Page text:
All proceeds will go toward the PDJF. Delaware Park, the DTHA, the Delaware Jockeys’ Health and Welfare Fund, and the Delaware Arabian Alliance donated a combined $20,000 in 2013 to the PDJF as part of the Ramon Dominguez retirement celebration. The same entities are committed to $20,000 for 2014 and 2015.

Gaye Goodwin More than 1 year ago
Great - so a few older horses are able to maintain a competitive edge. The MAJORITY are not. Articles like this only fuel the fools who believe that they can win with THEIR 10 year old. Go look up Mr. Trieste and see how racing at 11 played out for him...
Jordan More than 1 year ago
Jeranimo, a full horse, just retired this past week at age 8, sound. The 8-time graded stakes winner and 2-time grade 1 winner had captured the gr. 2 San Gabriel Stakes for a third time in January. He won graded stakes at 4, 5, 6, 7, and 8. Last year, Richard's Kid, also a full horse, retired at age 8, concluding a career in which he won 3 grade 1s, made over 2 million, and won or placed in 15 graded stakes. In his final 3 races Richard ran 3rd in the Pimlico Special, won the grade 3 Cougar, and ran 4th in the gr.1 Pacific Classic.
Joel Weiner More than 1 year ago
Richard's Kid hadn't won a grade 1 since 2010 when he was a great horse. The Richard's Kid who ran in 2012 & 2013 had slipped a long way since 2010. While he was somewhat productive in 2012, 2013 was not a good year for him, (he was a shell of his former self) and one can't help but think that age had something to do with it; he was certainly not a better horse than he was when he was winning those grade 1's. If he was injured, he should not have been running.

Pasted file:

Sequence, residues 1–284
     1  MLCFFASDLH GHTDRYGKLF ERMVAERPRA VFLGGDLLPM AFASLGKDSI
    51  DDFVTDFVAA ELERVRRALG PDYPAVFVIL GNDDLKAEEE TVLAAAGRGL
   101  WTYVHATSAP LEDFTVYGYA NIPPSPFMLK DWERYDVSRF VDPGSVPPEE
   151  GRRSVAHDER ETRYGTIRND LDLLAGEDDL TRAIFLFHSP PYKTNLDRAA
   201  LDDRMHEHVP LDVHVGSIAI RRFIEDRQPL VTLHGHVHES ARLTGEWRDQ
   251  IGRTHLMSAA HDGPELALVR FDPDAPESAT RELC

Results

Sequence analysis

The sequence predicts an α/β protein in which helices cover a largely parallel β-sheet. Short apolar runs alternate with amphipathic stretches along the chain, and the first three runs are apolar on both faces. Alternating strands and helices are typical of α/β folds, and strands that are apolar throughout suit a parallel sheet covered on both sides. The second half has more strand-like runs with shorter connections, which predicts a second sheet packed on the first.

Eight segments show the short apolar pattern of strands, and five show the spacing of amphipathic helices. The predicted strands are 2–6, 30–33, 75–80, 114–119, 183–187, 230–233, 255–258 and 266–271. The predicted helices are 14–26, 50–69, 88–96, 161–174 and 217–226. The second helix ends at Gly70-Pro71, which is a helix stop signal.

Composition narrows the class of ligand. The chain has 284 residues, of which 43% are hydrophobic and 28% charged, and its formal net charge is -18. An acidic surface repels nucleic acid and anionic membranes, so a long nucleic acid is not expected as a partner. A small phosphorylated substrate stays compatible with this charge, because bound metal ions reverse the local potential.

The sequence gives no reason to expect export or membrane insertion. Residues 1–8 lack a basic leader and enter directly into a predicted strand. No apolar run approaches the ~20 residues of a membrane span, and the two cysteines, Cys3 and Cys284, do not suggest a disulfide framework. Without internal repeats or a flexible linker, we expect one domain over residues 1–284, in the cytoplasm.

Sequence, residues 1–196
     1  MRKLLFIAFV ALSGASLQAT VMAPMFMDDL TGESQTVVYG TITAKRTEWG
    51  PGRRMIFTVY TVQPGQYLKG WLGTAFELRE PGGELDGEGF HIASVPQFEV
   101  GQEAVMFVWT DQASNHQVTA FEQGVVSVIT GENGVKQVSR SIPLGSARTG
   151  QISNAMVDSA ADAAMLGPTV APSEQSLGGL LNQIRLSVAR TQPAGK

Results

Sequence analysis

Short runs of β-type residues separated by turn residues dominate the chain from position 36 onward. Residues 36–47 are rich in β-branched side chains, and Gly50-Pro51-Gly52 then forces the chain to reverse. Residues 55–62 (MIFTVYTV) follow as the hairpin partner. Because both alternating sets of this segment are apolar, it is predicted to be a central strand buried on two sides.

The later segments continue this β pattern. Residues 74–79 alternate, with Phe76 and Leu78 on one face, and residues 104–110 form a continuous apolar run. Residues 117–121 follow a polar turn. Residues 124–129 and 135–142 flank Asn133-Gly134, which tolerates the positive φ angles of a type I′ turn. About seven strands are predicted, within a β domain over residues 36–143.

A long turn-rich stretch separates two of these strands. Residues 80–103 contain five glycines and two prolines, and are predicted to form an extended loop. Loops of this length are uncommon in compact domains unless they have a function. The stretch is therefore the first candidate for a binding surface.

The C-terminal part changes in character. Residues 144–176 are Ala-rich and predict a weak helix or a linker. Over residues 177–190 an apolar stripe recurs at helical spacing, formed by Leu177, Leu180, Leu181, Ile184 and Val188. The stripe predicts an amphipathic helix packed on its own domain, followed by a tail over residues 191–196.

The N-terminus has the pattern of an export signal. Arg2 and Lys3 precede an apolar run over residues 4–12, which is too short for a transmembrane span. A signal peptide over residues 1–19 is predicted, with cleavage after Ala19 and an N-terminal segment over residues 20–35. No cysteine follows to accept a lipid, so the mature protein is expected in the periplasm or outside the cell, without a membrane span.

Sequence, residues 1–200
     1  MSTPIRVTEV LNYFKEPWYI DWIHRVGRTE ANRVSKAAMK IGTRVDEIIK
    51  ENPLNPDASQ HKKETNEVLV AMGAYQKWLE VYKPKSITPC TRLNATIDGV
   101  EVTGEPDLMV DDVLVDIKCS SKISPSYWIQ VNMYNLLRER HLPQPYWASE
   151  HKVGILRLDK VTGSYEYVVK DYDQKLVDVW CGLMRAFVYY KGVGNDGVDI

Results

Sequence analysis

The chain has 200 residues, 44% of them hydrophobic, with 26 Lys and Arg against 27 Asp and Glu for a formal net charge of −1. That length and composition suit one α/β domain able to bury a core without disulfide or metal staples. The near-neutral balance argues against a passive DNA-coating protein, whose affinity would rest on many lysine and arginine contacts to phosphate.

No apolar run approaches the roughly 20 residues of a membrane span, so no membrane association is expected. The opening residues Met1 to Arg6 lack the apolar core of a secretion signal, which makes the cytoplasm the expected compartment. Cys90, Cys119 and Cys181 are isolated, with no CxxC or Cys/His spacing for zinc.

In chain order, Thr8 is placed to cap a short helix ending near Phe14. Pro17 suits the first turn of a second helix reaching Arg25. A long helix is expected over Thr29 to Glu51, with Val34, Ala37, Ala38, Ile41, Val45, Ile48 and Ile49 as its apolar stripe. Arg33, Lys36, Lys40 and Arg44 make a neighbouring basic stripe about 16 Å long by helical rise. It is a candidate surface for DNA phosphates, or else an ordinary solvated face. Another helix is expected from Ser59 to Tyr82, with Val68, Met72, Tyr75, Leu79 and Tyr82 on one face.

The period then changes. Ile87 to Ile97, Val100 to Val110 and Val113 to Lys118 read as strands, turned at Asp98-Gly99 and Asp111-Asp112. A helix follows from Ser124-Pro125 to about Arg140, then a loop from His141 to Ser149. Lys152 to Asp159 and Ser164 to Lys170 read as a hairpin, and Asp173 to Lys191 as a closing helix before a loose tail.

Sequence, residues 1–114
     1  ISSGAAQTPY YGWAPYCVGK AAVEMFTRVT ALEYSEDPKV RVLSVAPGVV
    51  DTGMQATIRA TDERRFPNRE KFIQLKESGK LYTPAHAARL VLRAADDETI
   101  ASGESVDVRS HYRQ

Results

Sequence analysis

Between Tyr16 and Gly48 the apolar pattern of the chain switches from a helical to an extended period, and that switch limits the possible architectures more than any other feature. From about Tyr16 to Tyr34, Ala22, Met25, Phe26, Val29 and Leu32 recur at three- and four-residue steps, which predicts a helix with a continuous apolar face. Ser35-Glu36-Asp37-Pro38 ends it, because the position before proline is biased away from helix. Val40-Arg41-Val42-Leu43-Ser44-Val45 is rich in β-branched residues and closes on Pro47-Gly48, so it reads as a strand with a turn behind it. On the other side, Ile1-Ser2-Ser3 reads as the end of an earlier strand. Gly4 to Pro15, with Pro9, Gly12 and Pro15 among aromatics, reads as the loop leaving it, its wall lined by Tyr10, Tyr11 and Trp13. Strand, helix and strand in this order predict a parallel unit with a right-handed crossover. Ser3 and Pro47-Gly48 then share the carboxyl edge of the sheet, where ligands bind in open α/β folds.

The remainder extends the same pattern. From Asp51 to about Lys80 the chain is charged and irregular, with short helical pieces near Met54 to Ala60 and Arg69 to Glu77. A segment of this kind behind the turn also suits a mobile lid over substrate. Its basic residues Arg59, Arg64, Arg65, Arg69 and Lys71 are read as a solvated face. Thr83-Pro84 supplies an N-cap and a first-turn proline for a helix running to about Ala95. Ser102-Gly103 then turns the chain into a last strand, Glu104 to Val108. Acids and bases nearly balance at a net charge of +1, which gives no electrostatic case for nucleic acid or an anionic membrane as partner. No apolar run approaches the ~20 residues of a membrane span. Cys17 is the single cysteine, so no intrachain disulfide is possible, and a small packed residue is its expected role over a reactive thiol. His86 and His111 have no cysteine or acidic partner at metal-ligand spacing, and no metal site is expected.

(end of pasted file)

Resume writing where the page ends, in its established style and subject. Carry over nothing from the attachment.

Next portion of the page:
Jarrod Goldberg More than 1 year ago
True example of a thoroughbred
Ann More than 1 year ago
Joel - most horses who are still racing at 10 don't break down - they slow down. 10 is approaching middle age and like many human athletes, the old heart and lungs aren't as efficient any more. However for sports where racing speed is not required, just relentless galloping, like chasing and 3-day-eventing, this would be the prime of his career. Have you forgotten Chindi? He won 18 of 81, raced from 2 to 10, won his first stakes race at 4, still placing in stakes at 10, retired after his last win at Oaklawn. And Spooky Mulder? Won 34 of 85, SP at 5 but didn't get his stakes win until he was 9. And Evening Attire? He raced for 9 years, won the Jockey Club Gold Cup at 4, then raced until 10, when he was placed in the G2 Brooklyn H, among others. All of these horses retired without breaking down.
Joel Weiner More than 1 year ago
I sincerely hope you're right. I do remember Spooky Mulder & the NY bred Evening Attire and they were wonderful race horses; but they did not get faster as they got older. For every horse we do remember who ran well at an advanced age, there were plenty of other cheaper horses who just disappeared as they advanced in age. Those are the ones that concern me.
Joel Weiner More than 1 year ago
Yes, it must be that wonderful concoction of vitamins & minerals that is making this 10 year old run faster than ever. Nutrition is an amazing thing. When he ends up broken down, hopefully his owner will be there for him.
Hail No More than 1 year ago
Gotta love this warrior, plus, he's got a great smile.
Amy Hurley More than 1 year ago
FYI: Handsup Moneydown finished third at Parx today. Not a win, but he's continuing to live up to the "moneydown" part of his game. Great claim!
Mark Howell More than 1 year ago
this is the only article I can comment on greedy drf
Ken Wiener More than 1 year ago
An 8 year old horse with 72 races is claimed and comes back a month later to show more early speed than ever and earns a lifetime best Beyer. Yes, attribute it to the owner being "hot". Anyone else prefer Hong Kong?
Anonymous More than 1 year ago
Hoping he has a happy ending.